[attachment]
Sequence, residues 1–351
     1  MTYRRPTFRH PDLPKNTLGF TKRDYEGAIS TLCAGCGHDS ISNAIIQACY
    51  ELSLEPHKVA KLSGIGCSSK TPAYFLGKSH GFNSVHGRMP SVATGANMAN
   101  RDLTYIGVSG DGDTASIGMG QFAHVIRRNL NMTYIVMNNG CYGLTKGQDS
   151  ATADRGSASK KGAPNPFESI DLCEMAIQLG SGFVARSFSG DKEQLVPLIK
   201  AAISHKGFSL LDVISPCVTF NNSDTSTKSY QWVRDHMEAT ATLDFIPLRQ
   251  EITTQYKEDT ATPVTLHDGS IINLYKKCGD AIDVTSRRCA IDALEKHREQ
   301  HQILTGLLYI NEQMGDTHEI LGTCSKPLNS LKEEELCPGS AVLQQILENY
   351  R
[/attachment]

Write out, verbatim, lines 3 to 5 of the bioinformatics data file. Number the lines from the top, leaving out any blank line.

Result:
    51  ELSLEPHKVA KLSGIGCSSK TPAYFLGKSH GFNSVHGRMP SVATGANMAN
   101  RDLTYIGVSG DGDTASIGMG QFAHVIRRNL NMTYIVMNNG CYGLTKGQDS
   151  ATADRGSASK KGAPNPFESI DLCEMAIQLG SGFVARSFSG DKEQLVPLIK